Think TV writers here in the US of A have it bad? Thank your lucky stars and garters that you aren’t working in South Africa!
An open letter to SABC chief Hlaudi Motsoeneng
by Ben Trovato
Dear Comrade Oberstgruppenfuhrer Hlaudi Motsoeneng the First, Commander of the SABC in General and the Airwaves in Particular, Guardian of Local Content, Master of Invention, Supreme Defender of the Truth, I kneel before you in greeting.
Congratulations on taking the public broadcaster to new heights. There are those who say you have dragged it to new depths. Pay no heed to these counter-revolutionary quislings. Depths, as you know, are nothing more than heights in reverse. It all depends on how you look at things. And you, sir, are able to look at things in a way that beggars belief. Speaking of beggars, please issue a decree banning the depiction or mention of beggars on your television and radio stations. People exposed to beggars will want to become beggars themselves and soon there will be nobody left to pay your handsome salary.
Well done on forcing your radio stations to play 90% local music. However, I don’t understand why you never went for the full 100%. I hope you’re not going soft on us. Imagine if Stalin had let some of his critics live? He had to kill all 1.2 million or it wouldn’t be known as the Great Purge. It would’ve been something like the Mediocre Purge and everyone would have laughed at him.
You are Hlaudi the Magnificent and people do not laugh at you. Well, not openly. I saw someone in Woolworths the other day laughing for no apparent reason. Sure, there’s a good chance he was laughing at the prices, but I had to make sure. I pretended to be browsing, then rabbit-punched him in the kidneys and grabbed him in a chokehold. Not an air choke, mind. That’s for amateurs. I went for the blood choke, squeezing his carotid artery until his eyes rolled into the back of his head.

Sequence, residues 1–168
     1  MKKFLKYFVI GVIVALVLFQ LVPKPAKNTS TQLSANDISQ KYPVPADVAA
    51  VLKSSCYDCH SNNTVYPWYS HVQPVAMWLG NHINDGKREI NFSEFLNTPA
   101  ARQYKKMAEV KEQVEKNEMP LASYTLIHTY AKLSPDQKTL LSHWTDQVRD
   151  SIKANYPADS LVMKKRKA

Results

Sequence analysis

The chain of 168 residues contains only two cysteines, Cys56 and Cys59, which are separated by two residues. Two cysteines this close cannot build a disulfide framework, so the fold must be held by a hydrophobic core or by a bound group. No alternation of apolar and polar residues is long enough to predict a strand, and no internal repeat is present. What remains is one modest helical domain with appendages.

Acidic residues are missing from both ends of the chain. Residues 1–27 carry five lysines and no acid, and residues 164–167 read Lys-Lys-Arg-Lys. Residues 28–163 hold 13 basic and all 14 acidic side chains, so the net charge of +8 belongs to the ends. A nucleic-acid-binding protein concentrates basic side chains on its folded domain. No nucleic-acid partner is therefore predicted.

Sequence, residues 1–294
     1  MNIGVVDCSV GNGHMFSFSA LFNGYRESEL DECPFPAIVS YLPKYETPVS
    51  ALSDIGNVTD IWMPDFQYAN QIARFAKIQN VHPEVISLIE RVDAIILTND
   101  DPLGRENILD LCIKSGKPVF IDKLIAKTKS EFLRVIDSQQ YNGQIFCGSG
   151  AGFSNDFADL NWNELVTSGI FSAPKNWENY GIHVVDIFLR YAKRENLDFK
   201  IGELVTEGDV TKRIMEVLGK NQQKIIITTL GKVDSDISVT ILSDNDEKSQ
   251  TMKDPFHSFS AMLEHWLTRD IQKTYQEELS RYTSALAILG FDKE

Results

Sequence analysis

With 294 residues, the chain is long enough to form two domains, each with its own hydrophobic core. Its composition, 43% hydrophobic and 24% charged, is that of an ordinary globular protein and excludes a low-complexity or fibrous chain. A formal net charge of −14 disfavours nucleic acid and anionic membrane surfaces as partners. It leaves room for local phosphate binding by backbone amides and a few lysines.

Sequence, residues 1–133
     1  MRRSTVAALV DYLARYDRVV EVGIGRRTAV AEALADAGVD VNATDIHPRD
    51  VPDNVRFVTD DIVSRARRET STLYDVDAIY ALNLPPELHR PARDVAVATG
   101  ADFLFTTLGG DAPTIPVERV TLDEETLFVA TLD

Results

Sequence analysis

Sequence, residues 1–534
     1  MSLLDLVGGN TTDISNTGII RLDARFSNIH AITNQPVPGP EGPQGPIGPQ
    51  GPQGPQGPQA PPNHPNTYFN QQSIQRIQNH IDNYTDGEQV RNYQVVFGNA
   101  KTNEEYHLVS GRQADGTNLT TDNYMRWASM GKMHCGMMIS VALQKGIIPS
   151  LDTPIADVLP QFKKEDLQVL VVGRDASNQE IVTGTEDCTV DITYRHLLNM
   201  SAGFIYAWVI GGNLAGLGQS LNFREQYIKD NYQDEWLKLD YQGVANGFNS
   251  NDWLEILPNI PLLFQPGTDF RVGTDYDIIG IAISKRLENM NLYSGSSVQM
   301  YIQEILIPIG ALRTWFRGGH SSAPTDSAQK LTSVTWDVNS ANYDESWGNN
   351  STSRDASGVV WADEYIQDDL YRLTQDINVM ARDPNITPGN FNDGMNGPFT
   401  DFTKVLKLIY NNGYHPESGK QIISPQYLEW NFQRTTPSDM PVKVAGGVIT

“Are you,” I hissed, “laughing at Comrade Hlaudi Motsoeneng…?”
*If you haven’t viewed this film yet be warned. This review may contain spoilers!*
With the U.S. Presidential election turning into a bad reality show I decided to take the time to watch the film All the Way. Produced by HBO, this film follows President Johnson after the assassination of Kennedy and the 1964 civil rights bill. It is great to be reminded of how far our country has come. Not to be too political by any means.
The performances of both Bryan Cranston as Lyndon Johnson and Anthony Mackie as Martin Luther King Jr. are the best to date in their careers. They both bring depth and emotion to these historical figures from our past. I truly felt that I was watching these men that I had learned about in history class.
The writing by Robert Schenkkan is brilliant and brings a true life event to the screen that makes you feel as though you are in the room negotiating this legendary policy. Not only is it a serious film, but the writing also brings some humor to break up the drama. For instance, there is a scene where the press is interviewing Johnson and he is playing with his dog, the way any of us would. I found this to be a hilarious way to show us the humanity of the man. (Even though back when this actually happened, the press vilified Johnson as an animal abuser for “pulling” the pooch’s ears.)
Jay Roach, the director of this film and others such as Game Change and Recount, presents the subject matter of politics and the civil rights movement with great care and consideration. His work does more than merely do this script justice as he delivers a film that everyone will enjoy from start to finish even in an upsetting election year.
There is nothing bad about this film. I highly recommend it. Go to on-demand and order through HBO and be inspired, as I was, by what you see.
Happy Summer Movie Season!
Diana Vaccarelli is the TVWriter™ Critic-at-Large and, in case you haven’t noticed, a HUGE Outlander fan. Learn more about her HERE
Speaking of Rod Serling, here’s a bit of an intro to the legendary, erm, legend himself for those of you who still don’t know who it is you’re trying to be as you grow up:
he so-called Golden Age of Television, with its two and one-half channels of network programming, produced an astonishing number of great writers, directors and talent. To name but a very, very few: Barbara Bel Geddes, Paddy Chayefsky, George Roy Hill, Ron Howard, Ernest Kinoy, Jack Lemmon, Sidney Lumet, Paul Newman, Robert Redford, Boris Sagal, Rod Serling, Rod Steiger, Gore Vidal, Joanne Woodward… my fingers won’t hold out long enough to type even a “best-of” list.
You’ll never guess which of the above pioneers is my favorite.